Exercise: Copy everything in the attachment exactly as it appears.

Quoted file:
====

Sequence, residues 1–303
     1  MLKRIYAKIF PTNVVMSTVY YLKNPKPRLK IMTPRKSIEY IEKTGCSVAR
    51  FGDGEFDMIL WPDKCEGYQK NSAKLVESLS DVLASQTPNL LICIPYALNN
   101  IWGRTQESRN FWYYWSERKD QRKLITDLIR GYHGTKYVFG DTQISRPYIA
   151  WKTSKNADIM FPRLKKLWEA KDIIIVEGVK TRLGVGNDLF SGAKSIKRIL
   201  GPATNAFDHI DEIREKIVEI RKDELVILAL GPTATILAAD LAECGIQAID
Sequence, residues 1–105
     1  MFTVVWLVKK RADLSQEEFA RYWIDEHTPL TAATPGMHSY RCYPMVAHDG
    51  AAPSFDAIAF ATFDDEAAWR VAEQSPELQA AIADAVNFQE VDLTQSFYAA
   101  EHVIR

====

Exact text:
Sequence, residues 1–303
     1  MLKRIYAKIF PTNVVMSTVY YLKNPKPRLK IMTPRKSIEY IEKTGCSVAR
    51  FGDGEFDMIL WPDKCEGYQK NSAKLVESLS DVLASQTPNL LICIPYALNN
   101  IWGRTQESRN FWYYWSERKD QRKLITDLIR GYHGTKYVFG DTQISRPYIA
   151  WKTSKNADIM FPRLKKLWEA KDIIIVEGVK TRLGVGNDLF SGAKSIKRIL
   201  GPATNAFDHI DEIREKIVEI RKDELVILAL GPTATILAAD LAECGIQAID
Sequence, residues 1–105
     1  MFTVVWLVKK RADLSQEEFA RYWIDEHTPL TAATPGMHSY RCYPMVAHDG
    51  AAPSFDAIAF ATFDDEAAWR VAEQSPELQA AIADAVNFQE VDLTQSFYAA
   101  EHVIR